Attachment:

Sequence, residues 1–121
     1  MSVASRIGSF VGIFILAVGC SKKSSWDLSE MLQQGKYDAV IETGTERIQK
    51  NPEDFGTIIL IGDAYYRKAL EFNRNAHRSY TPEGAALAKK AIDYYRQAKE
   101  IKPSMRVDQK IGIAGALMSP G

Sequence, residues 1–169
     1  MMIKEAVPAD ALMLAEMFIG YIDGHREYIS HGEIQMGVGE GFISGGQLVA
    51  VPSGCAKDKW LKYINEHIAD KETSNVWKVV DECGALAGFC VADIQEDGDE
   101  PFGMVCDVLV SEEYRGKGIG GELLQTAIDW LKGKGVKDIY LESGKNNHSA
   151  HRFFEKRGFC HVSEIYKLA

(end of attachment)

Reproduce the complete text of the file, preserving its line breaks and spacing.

Sequence, residues 1–121
     1  MSVASRIGSF VGIFILAVGC SKKSSWDLSE MLQQGKYDAV IETGTERIQK
    51  NPEDFGTIIL IGDAYYRKAL EFNRNAHRSY TPEGAALAKK AIDYYRQAKE
   101  IKPSMRVDQK IGIAGALMSP G

Sequence, residues 1–169
     1  MMIKEAVPAD ALMLAEMFIG YIDGHREYIS HGEIQMGVGE GFISGGQLVA
    51  VPSGCAKDKW LKYINEHIAD KETSNVWKVV DECGALAGFC VADIQEDGDE
   101  PFGMVCDVLV SEEYRGKGIG GELLQTAIDW LKGKGVKDIY LESGKNNHSA
   151  HRFFEKRGFC HVSEIYKLA